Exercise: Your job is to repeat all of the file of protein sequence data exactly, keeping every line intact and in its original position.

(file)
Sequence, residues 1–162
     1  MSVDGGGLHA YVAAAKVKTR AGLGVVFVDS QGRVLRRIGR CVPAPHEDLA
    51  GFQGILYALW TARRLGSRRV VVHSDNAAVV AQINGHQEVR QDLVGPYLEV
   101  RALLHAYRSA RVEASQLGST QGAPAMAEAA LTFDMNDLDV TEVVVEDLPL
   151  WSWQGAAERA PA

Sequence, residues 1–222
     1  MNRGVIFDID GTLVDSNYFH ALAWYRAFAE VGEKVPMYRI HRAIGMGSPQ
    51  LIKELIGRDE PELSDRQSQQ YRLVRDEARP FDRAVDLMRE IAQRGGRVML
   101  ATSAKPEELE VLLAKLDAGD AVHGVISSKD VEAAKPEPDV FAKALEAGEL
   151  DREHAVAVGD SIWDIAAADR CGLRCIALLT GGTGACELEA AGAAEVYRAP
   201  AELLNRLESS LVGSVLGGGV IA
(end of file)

Sequence, residues 1–162
     1  MSVDGGGLHA YVAAAKVKTR AGLGVVFVDS QGRVLRRIGR CVPAPHEDLA
    51  GFQGILYALW TARRLGSRRV VVHSDNAAVV AQINGHQEVR QDLVGPYLEV
   101  RALLHAYRSA RVEASQLGST QGAPAMAEAA LTFDMNDLDV TEVVVEDLPL
   151  WSWQGAAERA PA

Sequence, residues 1–222
     1  MNRGVIFDID GTLVDSNYFH ALAWYRAFAE VGEKVPMYRI HRAIGMGSPQ
    51  LIKELIGRDE PELSDRQSQQ YRLVRDEARP FDRAVDLMRE IAQRGGRVML
   101  ATSAKPEELE VLLAKLDAGD AVHGVISSKD VEAAKPEPDV FAKALEAGEL
   151  DREHAVAVGD SIWDIAAADR CGLRCIALLT GGTGACELEA AGAAEVYRAP
   201  AELLNRLESS LVGSVLGGGV IA